Course syllabus

News and updates

Contact details

Slack channel for discussions
Join here (send me an email if the link has expired).

Student reps

A first mid-term course evaluation will take place Sept 25 10.10-10.30 (immediately after a morning lecture) and a final meeting on Nov 27 13.00-13.45 (over Zoom).

Course purpose

This course aims to learn scientific approaches, i.e., research methods, and statistics to analyze data we collect. The analysis can then become the basis for decision support in initiatives to improve performances in software development organizations. The course prepares students for the master thesis project.


The exam will likely be on Oct. 23 (you must always register to an exam some weeks before!) The course is at 50% speed, and we, thus, expect you to spend 20h/week on the course. You will need those hours, and the first two weeks will have a high workload.

All lectures and labs will be on campus.

I strongly recommend you to try out Exercise 1 as soon as possible since it's about installing all the stuff you will need in this course!

Course overview (E are exercises, LN are lecture notes)
Week Chapter(s) Notes E LN Videos Papers1 Presentations
1 1—3 A high-level introduction to the concepts we use in the course. E1 LN1 V1, V2 The ABC of SE research

How to build a case (Aug. 30 08:15-12:00)
dat246-L1.pdf (Aug. 30 10:15-12:00)
Lab (Aug. 30 13.00-15.00)

2 4—6 Math notation of model specifications. E2 LN2 V3, V4, V5, V6

Research ethics (Sept. 4 08:15-10:00)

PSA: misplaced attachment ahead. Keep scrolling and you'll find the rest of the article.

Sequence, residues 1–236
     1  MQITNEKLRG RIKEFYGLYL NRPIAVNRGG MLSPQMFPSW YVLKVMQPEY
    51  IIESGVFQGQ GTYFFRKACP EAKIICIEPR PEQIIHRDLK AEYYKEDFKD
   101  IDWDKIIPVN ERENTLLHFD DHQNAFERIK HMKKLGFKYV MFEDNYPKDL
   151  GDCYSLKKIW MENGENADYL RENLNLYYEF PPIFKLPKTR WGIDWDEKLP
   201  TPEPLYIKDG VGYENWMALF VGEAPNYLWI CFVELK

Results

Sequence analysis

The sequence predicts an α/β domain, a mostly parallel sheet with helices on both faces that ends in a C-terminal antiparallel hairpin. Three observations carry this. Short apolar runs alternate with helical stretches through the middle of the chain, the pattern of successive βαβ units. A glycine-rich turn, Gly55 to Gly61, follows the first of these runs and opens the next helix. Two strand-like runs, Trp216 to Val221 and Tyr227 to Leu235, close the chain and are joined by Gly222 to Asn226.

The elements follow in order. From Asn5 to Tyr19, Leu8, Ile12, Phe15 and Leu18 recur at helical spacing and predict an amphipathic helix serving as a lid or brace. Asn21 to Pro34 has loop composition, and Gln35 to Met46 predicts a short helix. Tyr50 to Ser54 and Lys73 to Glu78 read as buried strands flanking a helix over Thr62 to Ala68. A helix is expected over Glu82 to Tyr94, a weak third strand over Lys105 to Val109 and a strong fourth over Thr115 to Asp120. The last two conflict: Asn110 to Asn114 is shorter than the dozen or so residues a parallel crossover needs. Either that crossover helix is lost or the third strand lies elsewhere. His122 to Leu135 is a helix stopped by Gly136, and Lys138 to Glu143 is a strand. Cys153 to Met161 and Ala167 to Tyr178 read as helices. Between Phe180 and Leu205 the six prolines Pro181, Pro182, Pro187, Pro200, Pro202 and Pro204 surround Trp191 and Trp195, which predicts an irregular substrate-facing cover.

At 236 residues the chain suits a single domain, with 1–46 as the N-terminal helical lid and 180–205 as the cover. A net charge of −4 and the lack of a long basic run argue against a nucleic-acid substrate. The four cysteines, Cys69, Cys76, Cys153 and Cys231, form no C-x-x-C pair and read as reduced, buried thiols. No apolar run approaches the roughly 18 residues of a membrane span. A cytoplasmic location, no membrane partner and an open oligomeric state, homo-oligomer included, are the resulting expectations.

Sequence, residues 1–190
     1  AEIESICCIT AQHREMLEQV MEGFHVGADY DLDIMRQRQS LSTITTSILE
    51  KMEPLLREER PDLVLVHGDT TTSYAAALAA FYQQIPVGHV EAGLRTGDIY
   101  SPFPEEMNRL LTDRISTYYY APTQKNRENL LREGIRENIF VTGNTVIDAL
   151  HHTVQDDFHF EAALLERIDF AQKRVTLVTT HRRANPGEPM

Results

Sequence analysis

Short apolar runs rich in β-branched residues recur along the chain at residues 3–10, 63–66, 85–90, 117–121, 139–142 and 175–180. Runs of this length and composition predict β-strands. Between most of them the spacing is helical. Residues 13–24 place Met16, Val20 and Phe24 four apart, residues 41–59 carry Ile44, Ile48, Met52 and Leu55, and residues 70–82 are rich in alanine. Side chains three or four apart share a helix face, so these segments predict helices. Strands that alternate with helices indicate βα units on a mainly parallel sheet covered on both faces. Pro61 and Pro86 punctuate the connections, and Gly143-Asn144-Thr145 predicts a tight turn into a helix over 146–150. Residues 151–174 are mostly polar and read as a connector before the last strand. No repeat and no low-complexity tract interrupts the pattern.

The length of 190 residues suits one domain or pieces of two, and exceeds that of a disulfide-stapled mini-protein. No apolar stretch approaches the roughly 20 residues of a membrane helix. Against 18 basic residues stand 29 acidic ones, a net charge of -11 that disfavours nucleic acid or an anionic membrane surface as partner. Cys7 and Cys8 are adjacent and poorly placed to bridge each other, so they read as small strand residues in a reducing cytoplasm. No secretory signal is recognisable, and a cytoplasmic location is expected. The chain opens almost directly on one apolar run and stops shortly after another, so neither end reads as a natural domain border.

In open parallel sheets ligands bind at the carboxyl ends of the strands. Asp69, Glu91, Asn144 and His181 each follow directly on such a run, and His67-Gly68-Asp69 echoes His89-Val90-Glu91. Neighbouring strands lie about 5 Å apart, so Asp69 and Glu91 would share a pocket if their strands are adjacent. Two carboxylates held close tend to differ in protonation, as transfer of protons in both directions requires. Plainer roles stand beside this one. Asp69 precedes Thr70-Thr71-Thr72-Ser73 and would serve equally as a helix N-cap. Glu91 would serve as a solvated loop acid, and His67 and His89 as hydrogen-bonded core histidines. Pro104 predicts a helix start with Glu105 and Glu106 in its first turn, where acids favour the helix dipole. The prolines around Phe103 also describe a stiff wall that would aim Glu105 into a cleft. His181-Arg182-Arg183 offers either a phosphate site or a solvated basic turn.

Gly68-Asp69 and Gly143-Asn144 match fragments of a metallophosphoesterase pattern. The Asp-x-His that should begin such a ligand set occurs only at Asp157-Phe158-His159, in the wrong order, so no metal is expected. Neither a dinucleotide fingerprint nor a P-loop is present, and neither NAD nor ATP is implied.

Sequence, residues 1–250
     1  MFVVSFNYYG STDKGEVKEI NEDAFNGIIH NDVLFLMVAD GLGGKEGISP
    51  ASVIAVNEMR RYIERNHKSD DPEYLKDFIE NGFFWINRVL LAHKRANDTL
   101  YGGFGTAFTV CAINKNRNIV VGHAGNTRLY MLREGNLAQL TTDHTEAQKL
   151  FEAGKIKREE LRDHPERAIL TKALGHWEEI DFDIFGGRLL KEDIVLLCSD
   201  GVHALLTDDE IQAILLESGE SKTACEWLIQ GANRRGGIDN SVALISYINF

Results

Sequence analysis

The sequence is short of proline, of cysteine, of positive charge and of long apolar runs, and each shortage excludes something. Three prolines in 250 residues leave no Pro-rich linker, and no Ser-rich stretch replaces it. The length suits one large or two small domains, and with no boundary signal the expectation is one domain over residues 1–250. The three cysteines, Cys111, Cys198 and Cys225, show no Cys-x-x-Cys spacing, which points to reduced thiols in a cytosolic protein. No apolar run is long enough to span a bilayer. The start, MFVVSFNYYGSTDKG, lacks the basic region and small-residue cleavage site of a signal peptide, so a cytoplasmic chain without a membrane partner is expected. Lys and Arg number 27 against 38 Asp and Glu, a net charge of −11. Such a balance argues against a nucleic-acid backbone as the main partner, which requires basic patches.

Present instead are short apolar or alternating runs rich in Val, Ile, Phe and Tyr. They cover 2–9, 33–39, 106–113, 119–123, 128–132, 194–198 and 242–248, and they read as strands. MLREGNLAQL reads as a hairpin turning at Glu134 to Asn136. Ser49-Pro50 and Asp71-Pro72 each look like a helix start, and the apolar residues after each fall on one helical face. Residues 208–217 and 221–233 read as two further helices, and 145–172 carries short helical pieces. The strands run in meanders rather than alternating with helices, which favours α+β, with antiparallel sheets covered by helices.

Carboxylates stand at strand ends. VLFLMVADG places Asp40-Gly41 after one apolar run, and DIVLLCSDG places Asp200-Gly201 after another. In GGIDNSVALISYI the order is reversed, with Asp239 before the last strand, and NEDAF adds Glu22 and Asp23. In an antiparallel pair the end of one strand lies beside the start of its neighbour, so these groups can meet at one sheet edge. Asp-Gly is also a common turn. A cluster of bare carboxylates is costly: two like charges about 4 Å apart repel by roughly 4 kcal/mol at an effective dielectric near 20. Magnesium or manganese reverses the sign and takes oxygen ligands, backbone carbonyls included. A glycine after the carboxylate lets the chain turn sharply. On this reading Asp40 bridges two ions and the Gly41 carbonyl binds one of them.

dat246-L2.pdf (Sept. 6 10:15-12:00)
Lab (Sept. 6 13.15-15.00)

3 7 We ground our assumptions on information theory and the concept of maximum entropy. E3




Validity threats (Sept. 11 08:15-10:00)
dat246-L3.pdf (Sept. 13 10:15-12:00)
Lab (Sept. 13 13.15-15.00)

4 8—9 Interactions, Ch. 8, we won't emphasize in the course. However, understanding MCMC is important! E4 LN4 V8
Guidelines for conducting and reporting case study research

Case study research (Sept. 18 08:15-10:00)
dat246-L4.pdf (Sept. 20 10:15-12:00)
Lab (Sept. 20 13.15-15.00)

5 10—11 GLMs is what we eat for breakfast :) We must understand the maxent principle! Binomial, Poisson, and Multinomial models. E5 LN5 V9, V10 A crash course in good and bad controls

Evidence-based software engineering and systematic reviews (Sept. 25 08:15-10:00)
dat246-L5.pdf (Sept. 27 10:15-12:00)
Lab (Sept. 27 13.15-15.00)

6 12 Over-dispersed and zero-inflated outcomes, and ordered categorical outcomes and predictors (e.g. Likert scale values). E6 LN6 V11 Survey research in software engineering

Survey research (Oct. 2 08:15-10:00)
dat246-L6.pdf (Oct. 4 10:15-12:00)
Lab (Oct. 4 13.15-15.00)

7 13 Multilevel models! E7 LN7 V12, V13 Guest lecture - Action Research (Oct. 9 08:15-10:00)
dat246-L7.pdf (Oct. 11 10:15-12:00)
Lab (Oct. 11 13.15-15.00)
8 14 Modeling covariance. Continuous varying intercepts, e.g., Gaussian Processes! Chapters 15–16 we will not cover in the course. E8 LN8 V14, V15